Grounds for Divorce in Georgia
You have no doubt heard of no-fault states when it comes to divorce, but Georgia is not among them. In the State of Georgia, you must choose between either a no-fault divorce (one in which your marriage is deemed irretrievably broken) and 12 other fault-based grounds for divorce. The grounds for your divorce can affect its outcome, which makes it very important to work closely with an experienced Georgia divorce attorney.
The 13 Grounds for Divorce
In Georgia, in addition to one’s marriage being irretrievably broken, there are the following 12 grounds that you can site as the basis for your divorce:
- Adultery during the marriage, which means that one of you had an affair
- Habitual intoxication
- Habitual drug addiction
- Cruel treatment
- The conviction of a crime of moral turpitude that results in a prison sentence of two years or longer
- Incurable mental illness
- Force, menace, duress, or fraud at the time of the marriage, which means that one of you was forced or tricked into the marriage
- Impotence at the time of the marriage
- Intermarriage by people within the prohibited degrees of kinship, which means that you and your spouse are too closely related to marry
- Mental incapacity at the time of the marriage, which means that one of you was not capable of consenting to the marriage at the time you married (such as if one of you was incapacitated by alcohol and/or drugs)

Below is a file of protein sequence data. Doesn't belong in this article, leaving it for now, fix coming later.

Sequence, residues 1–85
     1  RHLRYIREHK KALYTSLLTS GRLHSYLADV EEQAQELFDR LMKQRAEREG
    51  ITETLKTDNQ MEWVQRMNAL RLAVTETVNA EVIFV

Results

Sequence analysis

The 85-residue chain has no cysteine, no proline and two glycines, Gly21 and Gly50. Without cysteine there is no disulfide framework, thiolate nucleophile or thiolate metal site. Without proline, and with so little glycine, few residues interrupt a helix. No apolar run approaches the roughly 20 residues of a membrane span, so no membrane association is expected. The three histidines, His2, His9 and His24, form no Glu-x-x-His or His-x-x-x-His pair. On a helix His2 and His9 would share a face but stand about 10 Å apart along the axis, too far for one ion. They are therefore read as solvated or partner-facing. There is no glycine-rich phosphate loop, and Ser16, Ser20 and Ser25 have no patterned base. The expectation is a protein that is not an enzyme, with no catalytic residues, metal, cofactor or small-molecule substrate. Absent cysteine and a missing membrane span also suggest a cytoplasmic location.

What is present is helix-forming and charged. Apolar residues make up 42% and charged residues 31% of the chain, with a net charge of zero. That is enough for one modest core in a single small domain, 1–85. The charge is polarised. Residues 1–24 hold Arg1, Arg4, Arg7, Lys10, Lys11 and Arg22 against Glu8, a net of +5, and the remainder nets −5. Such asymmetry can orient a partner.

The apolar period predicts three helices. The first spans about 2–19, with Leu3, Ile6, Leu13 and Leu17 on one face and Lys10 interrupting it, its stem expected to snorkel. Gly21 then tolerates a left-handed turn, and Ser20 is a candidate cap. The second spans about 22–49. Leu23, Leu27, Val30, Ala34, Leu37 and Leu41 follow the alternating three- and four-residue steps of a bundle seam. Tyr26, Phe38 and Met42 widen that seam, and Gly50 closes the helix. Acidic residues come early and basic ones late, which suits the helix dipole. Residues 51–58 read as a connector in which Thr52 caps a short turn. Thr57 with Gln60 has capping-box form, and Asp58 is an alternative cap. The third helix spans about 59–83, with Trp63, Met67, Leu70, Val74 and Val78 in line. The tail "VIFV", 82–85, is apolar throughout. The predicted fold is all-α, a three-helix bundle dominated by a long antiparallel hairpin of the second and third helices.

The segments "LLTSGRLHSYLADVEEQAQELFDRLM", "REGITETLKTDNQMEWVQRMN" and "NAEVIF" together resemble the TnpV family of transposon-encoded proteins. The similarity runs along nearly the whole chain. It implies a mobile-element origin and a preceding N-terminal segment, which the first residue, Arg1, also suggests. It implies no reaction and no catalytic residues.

- Pregnancy – of the wife by a man other than the husband – at the time of the marriage (and unknown to the husband)
In order to obtain a divorce that is based on any grounds other than that your marriage is irretrievably broken, you will need to prove the fault involved, which can be a difficult hurdle to overcome.
How Fault Can Affect the Terms of Your Divorce
The judge in your case can take your fault-based ground for divorce into consideration when determining the terms of your divorce, and there are a variety of examples that demonstrate how this tends to play out.
Causing the Breakup of Your Marriage
If your spouse’s conduct, such as his or her adultery, cruel treatment of you, or desertion, causes your marriage to fail, the court may find that it is unfair for you to lose your family home as result or may decide to award more of your marital property to you.
If your spouse perpetrated domestic violence, it can affect how the court rules on your child custody arrangements and could lead to you having sole custody.
If your spouse is guilty of adultery, he or she will not be eligible to receive alimony (even if he or she otherwise might have been).
Turn to an Experienced Georgia Divorce Attorney Today
The knowledgeable divorce attorneys at Banks, Stubbs & McFarland – proudly serving both Forsyth County and Cumming – are on your side and standing by to help. To learn more, please don’t wait to contact or call us at 770-887-1209 today.